Sunday, November 8, 2009

H1N1 teaching moments

Although the typical A&P class is not focused primarily on pathology, we certainly do use pathology frequently as a tool to illustrate "normal" structure and function by looking at what goes wrong in injury and disease.  This works especially well when a disease or injury . . . or affected celebrity . . . is in the current news.  The current pandemic H1N1 outbreak gives us opportunities to teach some important concepts:
  • what do "public health" scientists do, and how do they do it?
  • what is a virus and how does it affect cell and body function?
  • how do vaccines protect the body?
  • why do some infections have a greater affect on some people than others?
  • how are viral infections spread?  how are they treated?
A recent news release posted at Science Daily summarizes a striking issue related to the flu vaccinations.  It highlights a paper recently published in The Lancet, which concludes that vaccination campaigns can be underminded by the public's tendency to link coincidental health events with vaccination campaigns.

Haven't we all see and heard of such associations?  They are even promoted by some otherwise trustworthy media outlets.  For example, many people are convinced of the strong relationship between certain vaccine preservatives and autism . . . even though thorough scientific investigation has shown no link.  An "outbreak" of Guillain–BarrĂ© Syndrome during the 1976-77 swine flu vaccination program turns out to be consistent with the number of people expected to contract this syndrome whether or not a vaccination program occurred.

In short, people get sick all the time and we should not automatically conclude that coincidental events are necessarily cause-and-effect scenarios . . . or even related at all.  And yet . . . we do.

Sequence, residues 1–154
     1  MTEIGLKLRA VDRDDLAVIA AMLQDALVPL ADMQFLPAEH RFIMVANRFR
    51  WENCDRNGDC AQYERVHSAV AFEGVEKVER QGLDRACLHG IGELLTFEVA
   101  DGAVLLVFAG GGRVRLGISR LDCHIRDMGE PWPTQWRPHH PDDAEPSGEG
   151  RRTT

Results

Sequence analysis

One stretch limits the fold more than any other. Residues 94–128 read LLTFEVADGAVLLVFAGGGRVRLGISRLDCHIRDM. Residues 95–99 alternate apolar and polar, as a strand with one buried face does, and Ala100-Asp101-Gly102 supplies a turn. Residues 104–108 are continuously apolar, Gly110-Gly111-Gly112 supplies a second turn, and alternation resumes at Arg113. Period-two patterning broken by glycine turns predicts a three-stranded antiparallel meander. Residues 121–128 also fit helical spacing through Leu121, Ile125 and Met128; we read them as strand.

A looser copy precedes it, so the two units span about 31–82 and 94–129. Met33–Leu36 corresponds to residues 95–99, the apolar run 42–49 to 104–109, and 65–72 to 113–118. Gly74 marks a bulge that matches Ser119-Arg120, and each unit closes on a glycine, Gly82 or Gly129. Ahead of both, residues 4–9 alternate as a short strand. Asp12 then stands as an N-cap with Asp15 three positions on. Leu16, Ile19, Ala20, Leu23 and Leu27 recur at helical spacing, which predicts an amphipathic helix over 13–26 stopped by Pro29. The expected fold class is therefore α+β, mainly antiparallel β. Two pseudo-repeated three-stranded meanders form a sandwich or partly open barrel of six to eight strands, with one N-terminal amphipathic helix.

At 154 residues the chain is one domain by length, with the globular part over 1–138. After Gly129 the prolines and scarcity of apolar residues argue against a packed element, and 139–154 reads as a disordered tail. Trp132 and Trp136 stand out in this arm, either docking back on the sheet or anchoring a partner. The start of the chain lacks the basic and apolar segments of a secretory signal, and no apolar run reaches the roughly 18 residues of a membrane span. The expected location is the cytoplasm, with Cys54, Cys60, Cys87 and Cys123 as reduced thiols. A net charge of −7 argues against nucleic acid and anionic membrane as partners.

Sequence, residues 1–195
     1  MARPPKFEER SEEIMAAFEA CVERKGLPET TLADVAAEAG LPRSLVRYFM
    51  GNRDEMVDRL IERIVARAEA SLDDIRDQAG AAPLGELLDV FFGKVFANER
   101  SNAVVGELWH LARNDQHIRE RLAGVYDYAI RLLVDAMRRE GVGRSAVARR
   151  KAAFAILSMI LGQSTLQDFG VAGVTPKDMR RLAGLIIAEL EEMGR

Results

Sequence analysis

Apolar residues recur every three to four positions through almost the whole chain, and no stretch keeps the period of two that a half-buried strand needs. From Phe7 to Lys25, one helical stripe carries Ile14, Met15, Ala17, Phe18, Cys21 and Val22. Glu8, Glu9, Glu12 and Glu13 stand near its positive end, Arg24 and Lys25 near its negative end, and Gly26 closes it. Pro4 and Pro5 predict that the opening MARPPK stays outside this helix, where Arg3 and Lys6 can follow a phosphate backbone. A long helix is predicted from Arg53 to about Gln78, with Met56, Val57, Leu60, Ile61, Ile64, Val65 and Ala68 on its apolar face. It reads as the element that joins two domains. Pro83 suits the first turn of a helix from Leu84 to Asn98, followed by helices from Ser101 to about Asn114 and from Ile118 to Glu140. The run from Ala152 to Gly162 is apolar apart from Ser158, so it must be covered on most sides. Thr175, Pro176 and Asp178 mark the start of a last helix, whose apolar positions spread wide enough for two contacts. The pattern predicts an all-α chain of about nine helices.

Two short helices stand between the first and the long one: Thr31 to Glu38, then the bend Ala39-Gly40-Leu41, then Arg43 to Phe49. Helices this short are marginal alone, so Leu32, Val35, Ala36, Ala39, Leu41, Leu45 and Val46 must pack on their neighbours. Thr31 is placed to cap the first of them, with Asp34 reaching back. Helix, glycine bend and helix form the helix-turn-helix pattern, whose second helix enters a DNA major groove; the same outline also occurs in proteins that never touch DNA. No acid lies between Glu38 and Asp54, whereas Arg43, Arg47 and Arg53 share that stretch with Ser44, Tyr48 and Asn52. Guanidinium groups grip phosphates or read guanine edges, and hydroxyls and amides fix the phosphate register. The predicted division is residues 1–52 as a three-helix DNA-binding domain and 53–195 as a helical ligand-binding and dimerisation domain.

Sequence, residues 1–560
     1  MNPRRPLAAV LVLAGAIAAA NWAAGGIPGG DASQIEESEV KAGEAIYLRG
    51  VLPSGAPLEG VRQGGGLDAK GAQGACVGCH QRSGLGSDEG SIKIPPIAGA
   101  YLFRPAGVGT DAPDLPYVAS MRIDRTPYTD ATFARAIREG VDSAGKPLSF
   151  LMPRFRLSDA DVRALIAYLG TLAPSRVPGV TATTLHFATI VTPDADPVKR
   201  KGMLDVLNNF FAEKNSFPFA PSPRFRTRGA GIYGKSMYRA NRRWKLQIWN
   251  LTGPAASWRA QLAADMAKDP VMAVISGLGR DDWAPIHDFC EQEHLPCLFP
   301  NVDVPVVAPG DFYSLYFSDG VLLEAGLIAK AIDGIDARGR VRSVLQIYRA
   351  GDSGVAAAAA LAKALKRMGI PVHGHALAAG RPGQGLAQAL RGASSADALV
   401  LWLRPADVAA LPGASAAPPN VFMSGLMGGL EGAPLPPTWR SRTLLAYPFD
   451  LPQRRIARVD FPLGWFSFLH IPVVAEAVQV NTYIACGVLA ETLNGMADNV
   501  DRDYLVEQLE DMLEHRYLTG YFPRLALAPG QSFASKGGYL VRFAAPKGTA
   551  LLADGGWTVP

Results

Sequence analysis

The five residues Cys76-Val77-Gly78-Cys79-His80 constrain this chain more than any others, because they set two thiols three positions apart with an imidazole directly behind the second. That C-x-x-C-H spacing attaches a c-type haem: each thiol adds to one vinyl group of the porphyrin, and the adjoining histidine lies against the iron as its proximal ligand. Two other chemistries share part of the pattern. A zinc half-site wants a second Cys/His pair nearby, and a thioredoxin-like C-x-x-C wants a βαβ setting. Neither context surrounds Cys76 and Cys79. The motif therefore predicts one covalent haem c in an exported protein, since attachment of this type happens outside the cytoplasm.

This information is useful in teaching about how the scientific method can be used to answer questions.  In addition, the CDC's current surveillance methodology can be explored to illustrate how a scientific approach can be used in practical ways to watch for actual problems that could arise in a vaccination program.

In a somewhat related development, psychologists recently reported in Psychological Science that seeing and hearing a person sneeze can trigger fear or a "doom-and-gloom" attitude in healthy individuals.  I guess we should be cautious when exposed to sneezes, but the study showed that we tend to take such stimuli far more seriously than we realized.

Want to know more?
Pandemic Flu Vaccine Campaigns May Be Undermined By Coincidental Medical Events.
Cincinnati Children's Hospital Medical Center ScienceDaily. (2009, November 6)
[News release summarizing conclusions of a scientific study]

Importance of background rates of disease in assessment of vaccine safety during mass immunisation with pandemic H1N1 influenza vaccines
Black, S. et al.
The Lancet (early online publication) 31 October 2009
[Original peer-reviewed article]
Sneezes Provoke Fears Beyond Illness
Karen Hopkin
Sceintific American Online November 4, 2009
[Link to the podcast version or read the text summary]
[Here's an interesting clip to add to your PowerPoint or course web page . . . the first filmed sneeze ever recorded!  It was made with Thomas Edison's kinetoscope and was the first motion picture copyrighted in the United States.  Click here to see it ]

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